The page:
UCI Vice Chancellor Brase and UC Vice President Lapp
UCI Vice Chancellor Brase and UC Vice President Lapp University Communications

Wendell Brase is already leaving his reduced-carbon footprint on the state: UC Irvine’s vice chancellor for administrative & business services has made his mark at UCI with green buildings, waste recycling, solar energy and more. And now, Katherine Lapp, executive vice president of the University of California, has asked Brase to chair the Climate Solutions Steering Group, which will focus on implementing carbon-neutral technology and solutions on UC campuses. Lapp and Brase answer questions about this new endeavor.

Q. Why form this steering group now?

Lapp: The American College & University Presidents Climate Commitment, to which the University of California is a conspicuous signatory, is committed to carbon neutrality as soon as possible. UC climate researchers have found that even the relatively aggressive timetable established by the governor, the California legislature and the UC Regents may need to be accelerated. The university needs to pursue a leadership role in the state’s climate agenda.

Q. What do you expect this committee to do?

Lapp: This group will focus on moving solutions to implementation. I want it to explore large-scale renewable energy projects, evaluate emerging technologies that show promise over the next 5-10 years, and determine what UC can do to speed up this process. We also will look at financial models that may be needed to support UC’s migration to climate neutrality.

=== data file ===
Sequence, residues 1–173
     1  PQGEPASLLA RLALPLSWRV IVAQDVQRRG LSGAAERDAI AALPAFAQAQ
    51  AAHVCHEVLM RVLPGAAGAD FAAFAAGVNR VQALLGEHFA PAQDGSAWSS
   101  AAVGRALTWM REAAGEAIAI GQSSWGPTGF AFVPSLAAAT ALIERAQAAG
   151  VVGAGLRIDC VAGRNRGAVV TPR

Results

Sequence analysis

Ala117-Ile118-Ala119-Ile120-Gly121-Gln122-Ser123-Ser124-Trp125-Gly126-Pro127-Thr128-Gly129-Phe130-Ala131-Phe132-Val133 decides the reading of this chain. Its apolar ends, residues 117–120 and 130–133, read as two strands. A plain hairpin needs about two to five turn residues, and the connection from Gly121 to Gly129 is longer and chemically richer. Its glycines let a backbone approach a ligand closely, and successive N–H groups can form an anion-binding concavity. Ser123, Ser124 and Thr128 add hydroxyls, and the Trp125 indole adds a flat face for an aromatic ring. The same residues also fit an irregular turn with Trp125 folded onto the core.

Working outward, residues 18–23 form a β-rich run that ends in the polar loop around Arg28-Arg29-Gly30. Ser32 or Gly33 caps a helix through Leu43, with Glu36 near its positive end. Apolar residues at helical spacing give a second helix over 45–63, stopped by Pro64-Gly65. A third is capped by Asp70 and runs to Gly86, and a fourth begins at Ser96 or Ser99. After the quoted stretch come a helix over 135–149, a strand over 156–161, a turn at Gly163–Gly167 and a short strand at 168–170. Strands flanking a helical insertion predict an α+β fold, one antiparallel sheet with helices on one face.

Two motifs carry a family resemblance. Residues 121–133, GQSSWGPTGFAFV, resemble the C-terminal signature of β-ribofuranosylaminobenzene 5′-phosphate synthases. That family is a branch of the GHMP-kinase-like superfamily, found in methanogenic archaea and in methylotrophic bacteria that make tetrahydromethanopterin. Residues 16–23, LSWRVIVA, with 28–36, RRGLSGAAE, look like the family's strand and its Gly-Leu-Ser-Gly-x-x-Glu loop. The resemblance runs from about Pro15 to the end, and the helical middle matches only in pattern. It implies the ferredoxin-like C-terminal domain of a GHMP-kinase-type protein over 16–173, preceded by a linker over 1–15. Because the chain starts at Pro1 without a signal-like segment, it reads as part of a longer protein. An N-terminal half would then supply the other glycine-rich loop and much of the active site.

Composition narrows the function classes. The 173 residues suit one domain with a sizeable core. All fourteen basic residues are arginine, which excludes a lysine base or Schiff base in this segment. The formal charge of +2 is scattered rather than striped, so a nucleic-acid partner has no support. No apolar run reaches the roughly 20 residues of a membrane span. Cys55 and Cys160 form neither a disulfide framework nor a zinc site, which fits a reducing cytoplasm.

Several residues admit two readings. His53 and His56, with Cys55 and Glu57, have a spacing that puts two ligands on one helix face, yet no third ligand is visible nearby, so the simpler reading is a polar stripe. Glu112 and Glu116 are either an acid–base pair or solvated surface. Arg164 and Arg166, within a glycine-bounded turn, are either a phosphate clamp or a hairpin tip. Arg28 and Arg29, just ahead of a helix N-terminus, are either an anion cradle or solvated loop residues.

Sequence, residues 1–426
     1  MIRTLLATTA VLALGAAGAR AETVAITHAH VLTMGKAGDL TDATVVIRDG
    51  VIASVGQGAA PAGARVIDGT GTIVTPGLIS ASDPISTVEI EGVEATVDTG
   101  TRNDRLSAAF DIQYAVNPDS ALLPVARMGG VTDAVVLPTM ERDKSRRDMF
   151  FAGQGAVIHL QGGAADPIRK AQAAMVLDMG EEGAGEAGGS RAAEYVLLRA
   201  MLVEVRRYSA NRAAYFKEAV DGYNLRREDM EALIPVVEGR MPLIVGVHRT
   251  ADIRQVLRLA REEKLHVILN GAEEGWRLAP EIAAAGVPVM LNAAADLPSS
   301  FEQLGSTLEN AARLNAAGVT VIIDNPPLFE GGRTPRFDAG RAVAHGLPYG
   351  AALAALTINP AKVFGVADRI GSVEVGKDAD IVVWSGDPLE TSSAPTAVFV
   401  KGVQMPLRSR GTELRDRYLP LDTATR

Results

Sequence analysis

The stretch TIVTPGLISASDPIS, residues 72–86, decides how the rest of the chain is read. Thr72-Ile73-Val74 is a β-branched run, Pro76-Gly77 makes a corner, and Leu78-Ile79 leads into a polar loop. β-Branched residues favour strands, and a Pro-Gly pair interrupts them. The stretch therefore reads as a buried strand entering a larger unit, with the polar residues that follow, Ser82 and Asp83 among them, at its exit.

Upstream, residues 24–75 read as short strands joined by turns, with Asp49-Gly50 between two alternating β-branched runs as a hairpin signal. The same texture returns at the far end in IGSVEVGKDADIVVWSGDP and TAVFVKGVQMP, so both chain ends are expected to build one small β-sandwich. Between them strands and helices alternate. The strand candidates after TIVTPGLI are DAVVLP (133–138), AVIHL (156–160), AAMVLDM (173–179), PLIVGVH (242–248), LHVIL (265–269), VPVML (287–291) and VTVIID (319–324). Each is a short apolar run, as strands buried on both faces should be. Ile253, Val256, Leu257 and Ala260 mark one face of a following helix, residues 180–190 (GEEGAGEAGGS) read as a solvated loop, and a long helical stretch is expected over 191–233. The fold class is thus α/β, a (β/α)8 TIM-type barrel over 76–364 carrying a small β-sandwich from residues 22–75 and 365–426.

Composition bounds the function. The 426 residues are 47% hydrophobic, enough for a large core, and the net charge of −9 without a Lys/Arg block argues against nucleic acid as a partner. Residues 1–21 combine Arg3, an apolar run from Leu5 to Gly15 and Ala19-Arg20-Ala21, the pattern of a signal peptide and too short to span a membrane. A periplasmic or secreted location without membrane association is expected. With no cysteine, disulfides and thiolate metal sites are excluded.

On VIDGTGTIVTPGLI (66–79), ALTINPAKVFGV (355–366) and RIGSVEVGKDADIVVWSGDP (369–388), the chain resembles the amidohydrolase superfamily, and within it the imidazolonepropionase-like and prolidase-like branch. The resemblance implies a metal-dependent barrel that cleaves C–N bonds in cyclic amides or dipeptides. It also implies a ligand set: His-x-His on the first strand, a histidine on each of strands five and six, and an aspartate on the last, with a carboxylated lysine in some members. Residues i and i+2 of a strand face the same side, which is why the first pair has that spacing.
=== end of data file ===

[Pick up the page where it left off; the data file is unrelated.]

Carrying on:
Brase: The Climate Solutions Steering Group is action-oriented. It will complement the UC Sustainability Steering Committee, which will continue to address broad sustainability policy and planning issues. The Steering Group will focus on achieving climate neutrality as soon as possible by finding ways to expedite the implementation of feasible, large-scale, carbon-reducing initiatives.

Q. Vice Chancellor Brase, this speaks very highly of work here at UCI. What inspired you to become a leader on this issue?

Brase: I’m attracted by the massiveness of the problem of reducing the university’s carbon footprint completely and by the scale of solutions that will be required. This problem is far larger and more challenging than anything we have ever faced in our careers. UC Irvine’s researchers are already at the forefront of this problem, and UC Irvine administrators, in collaboration with excellent colleagues from other California campuses, also will play a leadership role finding and establishing large-scale solutions that are feasible and sustainable.